Unilever Plc named a new chairman with experience in the role at British and French companies, in hopes of mending relations with frustrated investors after a series of missteps in recent years.
(Bloomberg) — Unilever Plc named a new chairman with experience in the role at British and French companies, in hopes of mending relations with frustrated investors after a series of missteps in recent years.
Ian Meakins, who is chairman of catering company Compass Group Plc and French electrical-supply maker Rexel SA, will succeed Chairman Nils Andersen, the owner of Ben & Jerry’s ice cream said Friday.
He’ll join a largely new top team. Hein Schumacher, former boss of dairy cooperative Royal FrieslandCampina, became CEO this month, replacing Alan Jope. Chief Financial Officer Graeme Pitkethly plans to retire next year and other board and management changes are expected.
The new appointees will need to work hard to repair fraught relations with shareholders like Terry Smith, who accused the Knorr stock-cube maker of overlooking long-term shareholders while swiftly inviting activist Nelson Peltz onto the board.
The perceived neglect added sting to poor financial performance. Over the past five years, Unilever investors have lost 3% while Nestle SA returned 33%. The group drew criticism from some shareholders that it’s too focused on the social “purpose” of products like Domestos toilet cleaner and not enough on sales growth and margins.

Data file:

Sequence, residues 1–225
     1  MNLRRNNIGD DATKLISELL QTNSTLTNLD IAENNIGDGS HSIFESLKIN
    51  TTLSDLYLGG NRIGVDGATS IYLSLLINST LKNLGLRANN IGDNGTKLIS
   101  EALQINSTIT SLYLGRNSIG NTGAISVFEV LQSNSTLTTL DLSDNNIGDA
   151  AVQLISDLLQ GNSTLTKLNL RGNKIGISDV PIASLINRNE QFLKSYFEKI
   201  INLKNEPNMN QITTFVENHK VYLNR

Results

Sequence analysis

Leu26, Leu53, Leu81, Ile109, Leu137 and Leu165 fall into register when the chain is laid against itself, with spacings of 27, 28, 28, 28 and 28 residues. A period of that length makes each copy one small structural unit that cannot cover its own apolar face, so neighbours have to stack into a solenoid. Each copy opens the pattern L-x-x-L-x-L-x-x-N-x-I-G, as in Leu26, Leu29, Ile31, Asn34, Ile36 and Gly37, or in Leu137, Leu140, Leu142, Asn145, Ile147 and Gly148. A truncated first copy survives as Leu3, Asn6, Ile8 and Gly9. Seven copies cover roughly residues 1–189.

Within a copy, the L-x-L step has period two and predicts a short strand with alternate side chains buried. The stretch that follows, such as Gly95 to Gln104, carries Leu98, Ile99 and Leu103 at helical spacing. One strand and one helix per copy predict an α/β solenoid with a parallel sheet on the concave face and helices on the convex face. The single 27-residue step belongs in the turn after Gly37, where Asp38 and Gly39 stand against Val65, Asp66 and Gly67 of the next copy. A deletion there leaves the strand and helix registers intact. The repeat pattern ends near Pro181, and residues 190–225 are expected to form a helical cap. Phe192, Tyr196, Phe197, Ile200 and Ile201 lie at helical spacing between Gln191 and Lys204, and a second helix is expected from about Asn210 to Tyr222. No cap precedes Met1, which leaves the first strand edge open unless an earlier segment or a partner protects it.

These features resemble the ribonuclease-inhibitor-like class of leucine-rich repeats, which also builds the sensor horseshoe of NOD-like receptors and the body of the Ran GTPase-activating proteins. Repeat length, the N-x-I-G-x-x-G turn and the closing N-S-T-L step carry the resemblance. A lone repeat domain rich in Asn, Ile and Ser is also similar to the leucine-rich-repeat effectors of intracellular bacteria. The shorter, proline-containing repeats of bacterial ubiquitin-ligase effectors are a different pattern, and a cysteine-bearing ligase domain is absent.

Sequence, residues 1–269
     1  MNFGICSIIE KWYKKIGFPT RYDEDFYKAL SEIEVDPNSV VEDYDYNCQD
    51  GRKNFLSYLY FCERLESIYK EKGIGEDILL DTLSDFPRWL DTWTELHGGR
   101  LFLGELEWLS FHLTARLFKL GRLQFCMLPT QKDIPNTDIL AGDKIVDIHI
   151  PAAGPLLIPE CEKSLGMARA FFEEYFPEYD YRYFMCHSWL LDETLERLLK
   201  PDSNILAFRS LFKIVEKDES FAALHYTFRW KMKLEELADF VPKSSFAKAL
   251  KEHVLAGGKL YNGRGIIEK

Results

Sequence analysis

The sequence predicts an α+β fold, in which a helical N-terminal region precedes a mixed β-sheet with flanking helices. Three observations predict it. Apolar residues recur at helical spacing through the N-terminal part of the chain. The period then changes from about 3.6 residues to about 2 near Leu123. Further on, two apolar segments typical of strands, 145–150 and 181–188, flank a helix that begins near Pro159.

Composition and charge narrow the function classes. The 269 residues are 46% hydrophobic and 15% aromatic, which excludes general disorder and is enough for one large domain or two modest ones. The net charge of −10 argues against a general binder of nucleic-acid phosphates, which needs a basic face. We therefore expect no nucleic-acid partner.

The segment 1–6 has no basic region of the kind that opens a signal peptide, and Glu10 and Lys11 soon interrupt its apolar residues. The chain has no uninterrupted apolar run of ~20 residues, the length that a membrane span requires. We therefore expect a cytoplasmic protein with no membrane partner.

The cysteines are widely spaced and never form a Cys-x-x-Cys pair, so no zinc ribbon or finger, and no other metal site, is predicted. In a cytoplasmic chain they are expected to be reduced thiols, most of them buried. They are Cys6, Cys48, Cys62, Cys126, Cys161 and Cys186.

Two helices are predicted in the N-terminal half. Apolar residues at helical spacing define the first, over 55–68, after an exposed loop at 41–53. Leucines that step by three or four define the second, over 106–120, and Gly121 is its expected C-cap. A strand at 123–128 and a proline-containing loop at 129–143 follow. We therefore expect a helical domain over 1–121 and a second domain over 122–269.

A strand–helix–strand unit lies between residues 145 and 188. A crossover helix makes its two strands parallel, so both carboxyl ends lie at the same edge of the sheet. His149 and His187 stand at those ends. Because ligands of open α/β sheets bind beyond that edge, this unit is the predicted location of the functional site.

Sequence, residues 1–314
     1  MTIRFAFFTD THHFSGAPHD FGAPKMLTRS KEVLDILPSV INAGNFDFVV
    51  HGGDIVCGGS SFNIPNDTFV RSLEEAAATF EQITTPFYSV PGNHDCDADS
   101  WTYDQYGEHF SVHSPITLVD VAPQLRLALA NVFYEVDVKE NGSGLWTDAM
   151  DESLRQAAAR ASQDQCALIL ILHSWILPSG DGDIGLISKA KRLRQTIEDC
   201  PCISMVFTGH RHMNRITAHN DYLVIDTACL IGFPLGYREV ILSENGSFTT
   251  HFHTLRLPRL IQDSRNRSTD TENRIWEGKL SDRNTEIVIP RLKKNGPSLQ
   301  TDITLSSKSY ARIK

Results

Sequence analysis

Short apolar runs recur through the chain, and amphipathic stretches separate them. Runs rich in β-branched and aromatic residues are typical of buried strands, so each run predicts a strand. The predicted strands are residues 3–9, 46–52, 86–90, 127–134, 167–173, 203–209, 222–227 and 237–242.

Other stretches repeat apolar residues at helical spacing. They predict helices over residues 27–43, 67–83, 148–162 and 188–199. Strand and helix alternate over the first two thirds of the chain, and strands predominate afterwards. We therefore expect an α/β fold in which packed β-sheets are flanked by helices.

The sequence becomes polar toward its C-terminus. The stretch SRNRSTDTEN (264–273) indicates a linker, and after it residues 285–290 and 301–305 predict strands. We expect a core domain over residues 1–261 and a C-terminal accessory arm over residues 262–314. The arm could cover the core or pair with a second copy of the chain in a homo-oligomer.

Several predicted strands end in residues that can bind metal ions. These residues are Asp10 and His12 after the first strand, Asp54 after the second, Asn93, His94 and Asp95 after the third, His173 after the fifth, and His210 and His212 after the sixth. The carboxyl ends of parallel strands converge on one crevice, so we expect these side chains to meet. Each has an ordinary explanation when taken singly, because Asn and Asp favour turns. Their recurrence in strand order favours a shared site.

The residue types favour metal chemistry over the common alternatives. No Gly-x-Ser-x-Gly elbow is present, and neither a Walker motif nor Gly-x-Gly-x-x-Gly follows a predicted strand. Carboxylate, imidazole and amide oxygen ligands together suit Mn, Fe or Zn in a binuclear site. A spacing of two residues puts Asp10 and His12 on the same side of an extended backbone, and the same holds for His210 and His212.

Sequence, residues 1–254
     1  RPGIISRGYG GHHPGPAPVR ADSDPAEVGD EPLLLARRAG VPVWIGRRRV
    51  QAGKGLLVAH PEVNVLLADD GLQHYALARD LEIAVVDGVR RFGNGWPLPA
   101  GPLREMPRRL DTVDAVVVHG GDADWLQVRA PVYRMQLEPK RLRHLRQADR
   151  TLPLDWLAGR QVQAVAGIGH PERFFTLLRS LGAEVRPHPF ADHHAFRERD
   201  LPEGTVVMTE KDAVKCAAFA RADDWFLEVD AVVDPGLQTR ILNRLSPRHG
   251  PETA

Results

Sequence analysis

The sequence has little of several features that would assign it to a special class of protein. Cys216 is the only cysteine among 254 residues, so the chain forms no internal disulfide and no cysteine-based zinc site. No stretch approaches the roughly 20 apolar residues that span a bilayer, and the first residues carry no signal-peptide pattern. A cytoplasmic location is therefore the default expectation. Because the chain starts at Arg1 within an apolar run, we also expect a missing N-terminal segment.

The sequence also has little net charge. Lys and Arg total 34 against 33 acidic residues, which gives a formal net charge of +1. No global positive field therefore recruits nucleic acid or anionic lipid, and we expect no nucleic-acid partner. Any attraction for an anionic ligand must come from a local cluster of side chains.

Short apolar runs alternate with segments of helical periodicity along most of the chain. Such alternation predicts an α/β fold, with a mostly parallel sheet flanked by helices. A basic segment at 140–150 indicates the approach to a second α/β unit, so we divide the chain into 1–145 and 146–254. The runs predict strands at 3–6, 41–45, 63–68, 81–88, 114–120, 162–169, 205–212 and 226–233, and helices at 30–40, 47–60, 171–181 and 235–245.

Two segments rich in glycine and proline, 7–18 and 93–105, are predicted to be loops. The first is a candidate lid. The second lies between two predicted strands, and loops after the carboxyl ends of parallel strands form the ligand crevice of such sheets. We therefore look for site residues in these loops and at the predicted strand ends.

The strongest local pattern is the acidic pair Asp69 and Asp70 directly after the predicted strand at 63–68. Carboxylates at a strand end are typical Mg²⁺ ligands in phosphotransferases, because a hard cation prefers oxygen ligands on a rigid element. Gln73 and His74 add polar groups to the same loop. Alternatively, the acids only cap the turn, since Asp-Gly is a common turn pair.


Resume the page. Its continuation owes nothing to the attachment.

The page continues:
A debacle and shareholder revolt over unifying Unilever’s structure eventually led to London becoming the group’s base. But Unilever’s bungled takeover approach for the consumer-health unit of GSK Plc — then spun out as Haleon Plc — stretched investor patience further. Peltz was able to claim a seat on the board soon afterward. In another rebuke for management, in May shareholders rejected the company’s pay package for directors in a non-binding vote.
Read More: Unilever (ULVR) Shareholders Reject Director Pay After Messy Year – Bloomberg
A protracted dispute with the independent board of Ben & Jerry’s over its sales in Israel raised questions over Unilever’s ability to meld purpose and profit — an ongoing theme for the company’s critics and issue investors are seeking clarity on.
Such headline-grabbing debates have overshadowed strategic choices such as selling its tea and spreads businesses, or building a fast-growing prestige beauty unit. A new leadership also brings a fresh look at a break-up — selling or spinning out the food or ice cream unit and focusing on personal care, beauty and homecare instead.
Meanwhile the maker of Hellmann’s mayonnaise has been contending with the worst inflation in decades. Raising prices has resulted in falling volumes and Unilever’s new leaders will be tasked with clawing back market share from cheaper rivals and white-label goods.
Meakins, 66, who will succeed Andersen, 65, on Dec. 1, is experienced in dealing with a UK shareholder base in roles at companies much smaller than Unilever. Yet his consumer-product experience came earlier in his career, with positions at Diageo Plc and Procter & Gamble Co..
He formerly served as chief executive officer of Wolseley Plc, the plumbing and heating products distributor now known as Ferguson Plc. That’s after he led Travelex Holdings Ltd. and Alliance Unichem Plc as CEO earlier in his career.
Unilever shares gained 0.4% early Friday in London.
(Updates with context throughout)
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